Installing open-vm-tools on CentOS


Just a quick post here today. This is in regards to installing open-vm-tools on CentOS. There’s no need to download and install separate epel-release files anymore as it’s now in the CentOS extras repo directly.

To install them, just use this command, then install open-vm-tools.

yum -y –enablerepo=extras install epel-release

– extras is enabled by default but the –enablerepo caters for those that have disabled it.


CentOS nightly auto updates using yum-cron


It seems like new security vulnerabilities comes out at least once per month now a days. Keeping your systems up to date is the easiest way to keep these threats at bay as well as overall system stability. You can do nightly YUM updates automatically with email notifications via a package called yum-cron. This is a simple and easy solution to keeping servers up to date without using a centralized patching solution (such as Spacewalk).

Step 1 –  Install the yum-cron package and setup email notifications:

yum -y install yum-cron
chkconfig yum-cron on

Then edit /etc/sysconfig/yum-cron (CentOS 6) to set MAILTO= email address or /etc/yum/yum-cron.conf (CentOS 7) to set email_to= for email notifications. If you don’t need email notifications you can skip this part.

For CentOS 6:

[email protected]

For CentOS 7:

[email protected]

Step 2 – Start the yum-cron service…

service yum-cron start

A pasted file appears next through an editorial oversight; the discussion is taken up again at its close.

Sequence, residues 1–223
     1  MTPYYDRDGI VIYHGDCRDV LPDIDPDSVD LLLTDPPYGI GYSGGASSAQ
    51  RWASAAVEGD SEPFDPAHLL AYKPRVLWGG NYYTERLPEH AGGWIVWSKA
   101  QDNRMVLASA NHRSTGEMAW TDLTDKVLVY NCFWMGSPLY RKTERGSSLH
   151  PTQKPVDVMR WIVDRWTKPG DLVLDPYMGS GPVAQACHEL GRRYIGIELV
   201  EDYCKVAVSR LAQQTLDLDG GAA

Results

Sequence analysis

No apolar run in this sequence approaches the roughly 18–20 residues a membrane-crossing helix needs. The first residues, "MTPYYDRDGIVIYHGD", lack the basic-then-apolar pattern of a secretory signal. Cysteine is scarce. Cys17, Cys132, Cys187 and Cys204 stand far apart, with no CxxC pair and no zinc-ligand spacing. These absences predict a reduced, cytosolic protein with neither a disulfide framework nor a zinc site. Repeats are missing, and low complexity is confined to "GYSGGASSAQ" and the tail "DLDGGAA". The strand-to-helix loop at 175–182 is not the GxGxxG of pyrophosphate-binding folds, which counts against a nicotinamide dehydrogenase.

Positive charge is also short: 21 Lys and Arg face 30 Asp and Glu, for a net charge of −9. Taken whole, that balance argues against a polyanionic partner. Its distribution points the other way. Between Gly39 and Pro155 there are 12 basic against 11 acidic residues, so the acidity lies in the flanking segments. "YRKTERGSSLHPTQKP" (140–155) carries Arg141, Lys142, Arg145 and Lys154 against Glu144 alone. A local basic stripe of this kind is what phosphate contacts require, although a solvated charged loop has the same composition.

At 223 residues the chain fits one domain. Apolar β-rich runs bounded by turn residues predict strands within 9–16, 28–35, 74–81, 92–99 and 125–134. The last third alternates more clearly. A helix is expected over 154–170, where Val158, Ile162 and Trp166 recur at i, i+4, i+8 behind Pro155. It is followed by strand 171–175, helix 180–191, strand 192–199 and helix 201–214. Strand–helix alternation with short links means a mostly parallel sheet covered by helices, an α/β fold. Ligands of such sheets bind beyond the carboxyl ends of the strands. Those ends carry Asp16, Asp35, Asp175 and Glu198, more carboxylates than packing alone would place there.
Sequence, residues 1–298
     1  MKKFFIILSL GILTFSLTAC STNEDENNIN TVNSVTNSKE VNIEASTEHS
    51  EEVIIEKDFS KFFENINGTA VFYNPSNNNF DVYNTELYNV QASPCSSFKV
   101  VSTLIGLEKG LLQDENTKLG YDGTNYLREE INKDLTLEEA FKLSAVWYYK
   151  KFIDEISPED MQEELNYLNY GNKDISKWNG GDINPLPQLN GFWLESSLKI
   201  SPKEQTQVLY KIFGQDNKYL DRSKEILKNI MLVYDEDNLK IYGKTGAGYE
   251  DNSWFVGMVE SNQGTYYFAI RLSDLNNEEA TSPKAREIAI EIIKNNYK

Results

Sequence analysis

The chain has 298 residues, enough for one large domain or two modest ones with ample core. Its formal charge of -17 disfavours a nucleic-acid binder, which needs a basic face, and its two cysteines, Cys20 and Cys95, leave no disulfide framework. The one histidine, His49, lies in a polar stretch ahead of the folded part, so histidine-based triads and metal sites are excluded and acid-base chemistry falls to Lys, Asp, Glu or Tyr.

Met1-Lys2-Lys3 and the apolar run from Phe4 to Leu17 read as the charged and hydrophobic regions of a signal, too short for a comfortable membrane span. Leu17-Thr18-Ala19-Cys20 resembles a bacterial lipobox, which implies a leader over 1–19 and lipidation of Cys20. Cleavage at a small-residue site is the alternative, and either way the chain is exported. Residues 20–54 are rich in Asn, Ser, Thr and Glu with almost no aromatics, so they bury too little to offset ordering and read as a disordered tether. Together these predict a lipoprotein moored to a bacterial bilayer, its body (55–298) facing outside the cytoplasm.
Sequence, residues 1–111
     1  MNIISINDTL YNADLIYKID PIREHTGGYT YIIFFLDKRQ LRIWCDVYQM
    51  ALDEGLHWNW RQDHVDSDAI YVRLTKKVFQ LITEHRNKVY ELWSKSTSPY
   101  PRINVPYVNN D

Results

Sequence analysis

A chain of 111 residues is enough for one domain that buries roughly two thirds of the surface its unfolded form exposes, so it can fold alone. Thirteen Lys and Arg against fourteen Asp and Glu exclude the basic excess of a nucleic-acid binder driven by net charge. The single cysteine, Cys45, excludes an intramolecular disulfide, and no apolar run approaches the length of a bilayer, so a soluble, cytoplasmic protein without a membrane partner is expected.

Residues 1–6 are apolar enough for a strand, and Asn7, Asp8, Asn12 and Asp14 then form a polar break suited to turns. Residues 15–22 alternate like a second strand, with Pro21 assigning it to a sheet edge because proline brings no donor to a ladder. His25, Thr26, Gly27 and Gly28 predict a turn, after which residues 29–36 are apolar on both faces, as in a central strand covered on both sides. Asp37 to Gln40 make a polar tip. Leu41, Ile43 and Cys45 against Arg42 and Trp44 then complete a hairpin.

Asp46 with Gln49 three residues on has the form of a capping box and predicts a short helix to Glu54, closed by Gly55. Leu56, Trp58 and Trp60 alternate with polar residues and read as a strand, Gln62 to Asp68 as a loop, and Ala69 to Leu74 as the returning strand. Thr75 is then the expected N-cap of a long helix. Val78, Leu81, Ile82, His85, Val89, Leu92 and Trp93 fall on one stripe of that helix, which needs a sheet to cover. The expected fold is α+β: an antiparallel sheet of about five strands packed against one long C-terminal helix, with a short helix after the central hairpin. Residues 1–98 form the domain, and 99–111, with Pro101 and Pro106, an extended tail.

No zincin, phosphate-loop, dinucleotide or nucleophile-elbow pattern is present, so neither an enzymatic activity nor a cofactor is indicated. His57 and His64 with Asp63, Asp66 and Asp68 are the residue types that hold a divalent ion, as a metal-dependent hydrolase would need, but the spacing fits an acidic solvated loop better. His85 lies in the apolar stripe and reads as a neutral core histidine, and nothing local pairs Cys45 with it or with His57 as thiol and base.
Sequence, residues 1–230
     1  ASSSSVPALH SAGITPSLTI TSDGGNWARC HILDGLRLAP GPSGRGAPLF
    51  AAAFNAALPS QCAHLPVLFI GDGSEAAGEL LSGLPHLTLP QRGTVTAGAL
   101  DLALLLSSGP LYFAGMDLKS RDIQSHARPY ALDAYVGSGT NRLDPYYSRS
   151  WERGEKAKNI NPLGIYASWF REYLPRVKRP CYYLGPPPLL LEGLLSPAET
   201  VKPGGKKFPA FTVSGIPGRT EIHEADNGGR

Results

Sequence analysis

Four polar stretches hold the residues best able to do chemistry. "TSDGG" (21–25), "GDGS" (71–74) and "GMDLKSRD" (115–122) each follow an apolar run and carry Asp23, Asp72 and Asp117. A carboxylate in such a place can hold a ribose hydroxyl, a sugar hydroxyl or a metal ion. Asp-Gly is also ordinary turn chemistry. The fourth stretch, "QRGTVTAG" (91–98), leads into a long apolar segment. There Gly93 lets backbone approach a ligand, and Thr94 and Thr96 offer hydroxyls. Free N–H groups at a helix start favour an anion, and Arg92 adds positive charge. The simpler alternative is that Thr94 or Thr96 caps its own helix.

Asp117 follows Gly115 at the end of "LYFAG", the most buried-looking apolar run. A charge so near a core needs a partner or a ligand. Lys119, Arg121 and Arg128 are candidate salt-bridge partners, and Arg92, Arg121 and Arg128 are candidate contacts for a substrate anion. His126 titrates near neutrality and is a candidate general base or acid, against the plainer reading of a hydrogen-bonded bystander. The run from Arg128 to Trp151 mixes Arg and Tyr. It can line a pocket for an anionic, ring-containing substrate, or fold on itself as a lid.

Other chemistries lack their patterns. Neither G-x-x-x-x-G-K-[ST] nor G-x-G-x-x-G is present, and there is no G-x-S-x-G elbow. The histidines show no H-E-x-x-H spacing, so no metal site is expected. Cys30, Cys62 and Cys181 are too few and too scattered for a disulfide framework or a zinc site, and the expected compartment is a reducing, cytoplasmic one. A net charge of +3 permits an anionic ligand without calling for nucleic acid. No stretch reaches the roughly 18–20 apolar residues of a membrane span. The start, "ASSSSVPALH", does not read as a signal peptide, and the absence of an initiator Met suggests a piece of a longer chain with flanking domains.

Step 3 – Verifying yum-cron is working

Check that the service is running.

service yum-cron status

You can check your cron log at /var/log/cron to see if it ran using the following command.

cat /var/log/cron | grep yum.cron

You can also check the yum.log when it does notify of updates by email.

cat /var/log/yum.log



Change SSH Port in CentOS – Linux

This is just a quick guide on how to change the SSH port in CentOS. While there are many ways to make sure your server is as secure as possible there are some basic steps and measures that you can take to cover your bases.

By default SSH runs over port 22, this is well known and because of this it can be used for malicious reasons to try and access a websites core files or your Linux Servers. As part of improving security to a site you should make sure that you change the default port to something else. Here we will change the port in Centos 6.5 ( although this is for all flavors of Linux ) via command line and also change the SSH port via Webmin.

Change The SSH Port Number in CentOS

First log in to your VPS or CentOS Server and browse to the following path.


Once there you will see a file named SSHD_Config, this is the file we will need to edit. This file is the main config file for SSH.  I use VI to edit text files on Linux, but you can use your tool of choice.

vi sshd_config

Locate the line that specifies the port. If your sshd_config file has not been altered the Port setting will be commented out with a # symbol (example below).

000040_2014-06-04 12_47

The # symbol tells the server to ignore anything after it on the same line, so we will need to remove that character and then change the number 22 to something else. Be sure you do not pick a port number that is in use by a different service.

Remove the # symbol and change the port number as desired:

000041_2014-06-04 12_50

Save your changes and close the sshd_config file. If you are using a firewall also make sure you open this port and disable port 22.

To apply the changes simply restart the SSH service and your finished!

service restart sshd

Next time you want to SSH to your server just use the port you specified in your config file and away you go!